And it’s not just about Hate. It’s all the other emotions as well, experienced in some mysteriously synchronized collectivity. Some studies suggest that when people sing together in a choir their heartbeats synchronize; when they shout together on Twitter their emotions do the same. We live in a world of propaganda that succeeds beyond the imaginings of the propaganda-masters of the past, and yet no one has designed it. No one is organizing or scheduling it. It seems just to be happening, somehow. The propaganda of our world is emergent and ambient, and those two traits make it harder to understand and harder to combat. 

In the preface to his justly famous book on propaganda, Jacques Ellul wrote, “Propaganda is called upon to solve problems created by technology, to play on maladjustments, and to integrate the individual into a technological world.” And he continued, 

In the midst of increasing mechanization and technological organization, propaganda is simply the means used to prevent these things from being felt as too oppressive and to persuade man to submit with good grace. When man will be fully adapted to this technological society, when he will end by obeying with enthusiasm, convinced of the excellence of what he is forced to do, the constraint of the organization will no longer be felt by him; the truth is, it will no longer be a constraint, and the police will have nothing to do. The civic and technological good will and the enthusiasm for the right social myths — both created by propaganda — will finally have solved the problem of man.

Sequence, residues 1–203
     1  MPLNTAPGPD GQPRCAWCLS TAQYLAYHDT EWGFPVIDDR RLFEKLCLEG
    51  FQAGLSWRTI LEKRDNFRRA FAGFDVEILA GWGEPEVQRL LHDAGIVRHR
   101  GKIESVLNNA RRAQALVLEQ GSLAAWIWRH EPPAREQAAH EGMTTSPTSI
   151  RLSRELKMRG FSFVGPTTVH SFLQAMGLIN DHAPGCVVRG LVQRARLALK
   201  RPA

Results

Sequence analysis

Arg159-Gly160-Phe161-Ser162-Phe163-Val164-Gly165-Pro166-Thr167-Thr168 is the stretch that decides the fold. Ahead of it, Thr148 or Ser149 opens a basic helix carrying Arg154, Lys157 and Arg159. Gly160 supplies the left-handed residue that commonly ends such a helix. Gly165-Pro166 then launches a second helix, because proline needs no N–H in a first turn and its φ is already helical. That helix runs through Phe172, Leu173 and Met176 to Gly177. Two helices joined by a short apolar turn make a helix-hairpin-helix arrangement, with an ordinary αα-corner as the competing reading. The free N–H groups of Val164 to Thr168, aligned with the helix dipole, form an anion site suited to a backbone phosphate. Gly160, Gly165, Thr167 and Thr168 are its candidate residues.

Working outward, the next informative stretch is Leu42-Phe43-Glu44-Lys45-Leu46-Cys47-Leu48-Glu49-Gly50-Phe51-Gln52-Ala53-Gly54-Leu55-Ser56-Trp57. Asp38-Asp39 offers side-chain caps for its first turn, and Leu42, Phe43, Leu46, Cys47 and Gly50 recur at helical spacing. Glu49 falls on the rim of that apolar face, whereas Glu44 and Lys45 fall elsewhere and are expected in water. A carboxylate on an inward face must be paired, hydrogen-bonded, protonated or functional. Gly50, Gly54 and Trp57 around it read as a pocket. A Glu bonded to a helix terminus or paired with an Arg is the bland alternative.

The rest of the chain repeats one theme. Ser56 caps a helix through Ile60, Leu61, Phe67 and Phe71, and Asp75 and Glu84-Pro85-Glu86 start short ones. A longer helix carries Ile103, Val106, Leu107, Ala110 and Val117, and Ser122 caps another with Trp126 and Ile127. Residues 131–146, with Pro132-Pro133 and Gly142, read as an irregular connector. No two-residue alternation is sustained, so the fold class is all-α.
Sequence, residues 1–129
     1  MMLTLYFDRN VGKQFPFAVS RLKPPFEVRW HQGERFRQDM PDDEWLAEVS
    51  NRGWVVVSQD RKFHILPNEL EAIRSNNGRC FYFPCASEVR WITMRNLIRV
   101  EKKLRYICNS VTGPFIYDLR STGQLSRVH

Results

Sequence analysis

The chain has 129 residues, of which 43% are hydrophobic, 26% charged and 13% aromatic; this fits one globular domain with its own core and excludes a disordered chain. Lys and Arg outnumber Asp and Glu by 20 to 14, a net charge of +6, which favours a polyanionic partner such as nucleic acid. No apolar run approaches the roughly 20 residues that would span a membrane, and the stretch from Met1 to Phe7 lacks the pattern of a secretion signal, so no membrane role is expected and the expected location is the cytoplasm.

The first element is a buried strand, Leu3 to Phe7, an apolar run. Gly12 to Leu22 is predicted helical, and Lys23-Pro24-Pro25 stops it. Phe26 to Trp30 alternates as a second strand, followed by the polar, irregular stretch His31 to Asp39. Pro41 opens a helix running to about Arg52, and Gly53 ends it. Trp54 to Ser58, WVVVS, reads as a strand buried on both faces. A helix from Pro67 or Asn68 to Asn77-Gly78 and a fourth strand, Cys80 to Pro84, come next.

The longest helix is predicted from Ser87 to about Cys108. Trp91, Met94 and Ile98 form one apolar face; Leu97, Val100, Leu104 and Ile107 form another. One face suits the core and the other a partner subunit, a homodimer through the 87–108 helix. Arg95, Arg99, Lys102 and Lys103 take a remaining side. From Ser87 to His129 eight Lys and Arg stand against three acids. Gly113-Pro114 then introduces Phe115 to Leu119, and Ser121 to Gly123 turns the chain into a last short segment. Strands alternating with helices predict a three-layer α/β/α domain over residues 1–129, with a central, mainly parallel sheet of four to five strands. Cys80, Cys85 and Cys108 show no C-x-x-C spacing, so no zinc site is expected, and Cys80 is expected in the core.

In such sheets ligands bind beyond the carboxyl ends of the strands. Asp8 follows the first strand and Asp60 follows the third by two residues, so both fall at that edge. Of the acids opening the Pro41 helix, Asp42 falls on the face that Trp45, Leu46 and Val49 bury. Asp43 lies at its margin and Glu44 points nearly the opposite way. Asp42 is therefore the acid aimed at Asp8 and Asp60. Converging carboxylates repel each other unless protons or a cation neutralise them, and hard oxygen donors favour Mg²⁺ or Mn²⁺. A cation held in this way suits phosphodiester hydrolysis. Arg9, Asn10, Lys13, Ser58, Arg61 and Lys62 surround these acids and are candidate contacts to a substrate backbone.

We have clearly not reached the point at which the police have nothing to do; but in many respects, certainly among our cultural elites, Ellul’s forecast has largely come true. Without anyone directly telling them or persuading them to do so, they have, as their “enthusiasm for the right social myths” demonstrates, come to love Big Brother. Propaganda has ceased to be the function of government and become instead a kind of collective self-soothing, with social media networks the primary instruments.

Future historians of propaganda will not be able to do without Ellul’s book but will need to reconsider its significance in light of the realization of some of the prophetic elements of the book. His definition — “Propaganda is a set of methods employed by an organized group that wants to bring about the active or passive participation in its actions of a mass of individuals, psychologically unified through psychological manipulations and incorporated in an organization” — will need to be revised. 

And for those who wish to use rather than merely understand propaganda: Deliberate propaganda in the future will, if it wishes to be effective, need to mimic the character of emergent propaganda. Anything more direct will seem too, too crude.